The effect of incarceration on the children of the incarcerated is an issue that I heard rarely discussed in our community forums. Yet, how can we deny the impacts and the negative effects that occur in too many of those situations. A few months ago, I read that the Bush administration had launched a program primarily through religious institutions to provide mentor support to children whose parents were incarcerated. The article said that the program had been scaled back but was still operating. I wonder whether families of the incarcerated in our community have any access to such resources.
Another issue that I should have thought more about as an activist and Councilor is the minimal preparation for reentry provided by the incarcerating institutions. Perhaps, it's unfair for me to make generalizations from my experience at the work camp at Hazelton. However, when you consider the cost of clothing, food, staff salaries, medical care, building maintenance, etc. and the general attitude toward the incarcerated, you can appreciate the perverse logic in minimizing the rehabilitative help for those who are supposedly incarcerated to be rehabilitated. Recidivism is then labeled as the proof that the incarcerated are "genetically criminal" by some of the more staunch conservatives of both parties.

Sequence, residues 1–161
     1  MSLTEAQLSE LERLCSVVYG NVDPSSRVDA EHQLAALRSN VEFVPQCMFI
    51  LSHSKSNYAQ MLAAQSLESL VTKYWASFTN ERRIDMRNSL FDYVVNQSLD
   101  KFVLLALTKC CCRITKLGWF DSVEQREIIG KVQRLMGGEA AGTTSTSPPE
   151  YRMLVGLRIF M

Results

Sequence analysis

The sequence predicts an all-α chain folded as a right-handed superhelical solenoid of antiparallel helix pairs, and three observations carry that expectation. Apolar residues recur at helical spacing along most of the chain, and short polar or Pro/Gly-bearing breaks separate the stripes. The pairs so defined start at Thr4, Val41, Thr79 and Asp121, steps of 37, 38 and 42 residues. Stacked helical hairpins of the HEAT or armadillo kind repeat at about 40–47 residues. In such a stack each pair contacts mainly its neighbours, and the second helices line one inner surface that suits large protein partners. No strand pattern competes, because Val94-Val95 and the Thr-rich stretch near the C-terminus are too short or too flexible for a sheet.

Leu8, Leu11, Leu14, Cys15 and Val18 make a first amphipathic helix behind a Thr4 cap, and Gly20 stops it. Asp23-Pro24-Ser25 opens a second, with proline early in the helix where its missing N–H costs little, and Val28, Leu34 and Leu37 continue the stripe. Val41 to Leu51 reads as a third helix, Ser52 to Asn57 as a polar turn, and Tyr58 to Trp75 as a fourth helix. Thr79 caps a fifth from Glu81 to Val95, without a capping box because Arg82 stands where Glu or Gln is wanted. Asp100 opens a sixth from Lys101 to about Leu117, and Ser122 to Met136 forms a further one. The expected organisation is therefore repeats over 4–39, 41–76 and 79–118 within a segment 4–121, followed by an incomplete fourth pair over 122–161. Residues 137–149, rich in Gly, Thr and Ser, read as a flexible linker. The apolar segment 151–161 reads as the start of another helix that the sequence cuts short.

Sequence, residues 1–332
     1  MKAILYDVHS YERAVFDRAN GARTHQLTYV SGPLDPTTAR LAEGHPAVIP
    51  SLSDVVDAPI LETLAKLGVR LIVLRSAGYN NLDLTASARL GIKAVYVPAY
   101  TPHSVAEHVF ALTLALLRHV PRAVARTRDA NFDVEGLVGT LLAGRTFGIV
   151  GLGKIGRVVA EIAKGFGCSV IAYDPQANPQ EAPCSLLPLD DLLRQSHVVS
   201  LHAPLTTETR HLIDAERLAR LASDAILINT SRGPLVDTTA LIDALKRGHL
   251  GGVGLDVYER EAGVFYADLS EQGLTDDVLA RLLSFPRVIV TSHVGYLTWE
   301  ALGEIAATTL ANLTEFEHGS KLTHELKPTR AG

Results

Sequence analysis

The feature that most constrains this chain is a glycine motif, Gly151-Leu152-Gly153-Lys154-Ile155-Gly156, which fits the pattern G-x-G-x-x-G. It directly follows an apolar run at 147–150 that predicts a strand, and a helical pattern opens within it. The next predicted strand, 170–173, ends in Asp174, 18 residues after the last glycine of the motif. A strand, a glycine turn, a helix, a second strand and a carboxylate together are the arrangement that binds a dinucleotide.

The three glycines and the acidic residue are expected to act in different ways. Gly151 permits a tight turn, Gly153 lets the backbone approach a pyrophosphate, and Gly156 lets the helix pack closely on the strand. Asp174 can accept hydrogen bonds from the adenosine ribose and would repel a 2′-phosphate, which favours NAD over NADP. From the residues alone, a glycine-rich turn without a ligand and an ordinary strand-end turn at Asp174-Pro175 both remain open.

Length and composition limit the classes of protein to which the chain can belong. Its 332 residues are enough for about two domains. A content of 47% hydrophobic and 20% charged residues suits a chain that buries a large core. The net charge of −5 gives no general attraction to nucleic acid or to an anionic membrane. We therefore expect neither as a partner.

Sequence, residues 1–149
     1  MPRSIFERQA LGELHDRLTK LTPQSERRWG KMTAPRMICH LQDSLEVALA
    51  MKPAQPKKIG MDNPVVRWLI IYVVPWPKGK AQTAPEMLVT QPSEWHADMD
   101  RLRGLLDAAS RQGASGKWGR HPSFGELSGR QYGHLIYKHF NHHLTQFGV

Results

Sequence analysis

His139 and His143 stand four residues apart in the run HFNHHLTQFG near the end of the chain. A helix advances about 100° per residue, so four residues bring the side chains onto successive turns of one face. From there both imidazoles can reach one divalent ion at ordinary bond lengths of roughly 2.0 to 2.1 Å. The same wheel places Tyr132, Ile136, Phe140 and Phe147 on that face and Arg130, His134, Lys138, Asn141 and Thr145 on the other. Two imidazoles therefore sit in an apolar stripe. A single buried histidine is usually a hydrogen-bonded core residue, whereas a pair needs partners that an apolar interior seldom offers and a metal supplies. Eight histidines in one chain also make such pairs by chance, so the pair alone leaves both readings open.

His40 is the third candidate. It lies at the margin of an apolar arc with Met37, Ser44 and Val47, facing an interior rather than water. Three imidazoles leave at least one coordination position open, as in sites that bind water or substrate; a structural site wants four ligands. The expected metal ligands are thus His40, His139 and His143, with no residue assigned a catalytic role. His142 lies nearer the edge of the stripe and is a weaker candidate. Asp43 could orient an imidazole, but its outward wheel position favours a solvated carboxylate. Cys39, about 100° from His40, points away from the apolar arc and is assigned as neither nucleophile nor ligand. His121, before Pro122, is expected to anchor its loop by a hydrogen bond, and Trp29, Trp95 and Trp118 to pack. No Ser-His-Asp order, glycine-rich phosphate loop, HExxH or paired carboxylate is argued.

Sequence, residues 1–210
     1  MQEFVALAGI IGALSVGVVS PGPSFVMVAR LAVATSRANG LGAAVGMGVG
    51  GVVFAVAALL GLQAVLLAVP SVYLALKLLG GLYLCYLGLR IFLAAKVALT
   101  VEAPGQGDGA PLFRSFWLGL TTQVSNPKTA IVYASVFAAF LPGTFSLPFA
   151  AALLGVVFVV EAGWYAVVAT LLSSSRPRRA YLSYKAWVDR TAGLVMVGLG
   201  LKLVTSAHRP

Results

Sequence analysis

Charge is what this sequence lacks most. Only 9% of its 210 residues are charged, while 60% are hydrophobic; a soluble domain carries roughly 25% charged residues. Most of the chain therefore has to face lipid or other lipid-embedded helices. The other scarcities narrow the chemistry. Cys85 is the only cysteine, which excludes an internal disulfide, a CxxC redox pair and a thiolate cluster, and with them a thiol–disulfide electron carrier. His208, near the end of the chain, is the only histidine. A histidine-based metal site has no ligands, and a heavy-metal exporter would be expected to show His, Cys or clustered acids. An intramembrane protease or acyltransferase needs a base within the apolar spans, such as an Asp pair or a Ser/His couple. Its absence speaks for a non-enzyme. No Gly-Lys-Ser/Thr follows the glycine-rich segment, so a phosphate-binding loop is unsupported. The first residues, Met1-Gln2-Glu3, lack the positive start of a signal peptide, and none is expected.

At Hazelton, there is only one apprenticeship program. There was no reentry program to psychologically prepare inmates for reentry until a new counselor was hired a year ago who began to put an emphasis on programming. Unfortunately, he was removed after six months and the present counselor seems to have no interest in the type of program development the former counselor was initiating. The use of the term counselor seems very inappropriate since there doesn't seem to be any "counseling" that is done by the person. While you can see through the window of all the other administrators in our unit, the counselor put cardboard up at his window so that it is impossible to see whether he is there.
The case manager who handles "early reentry" as mandated by the Second Chance Act was so lax in his efforts that we staged a one meal "hunger strike" to focus the attention of the administration. Fortunately, it seems to have worked without any of the leaders being sent to solitary as some feared. It took four case managers working over time for a month to bring the paperwork up to the standards set by BOP. You would think that in this area that frees up space for the ever expanding work camp population, they would have paid more attention to honoring the federal "early reentry" commitment. In his apology to us, the warden said that he was so busy dealing with violence at the maximum security prison on the compound, he had overlooked our needs.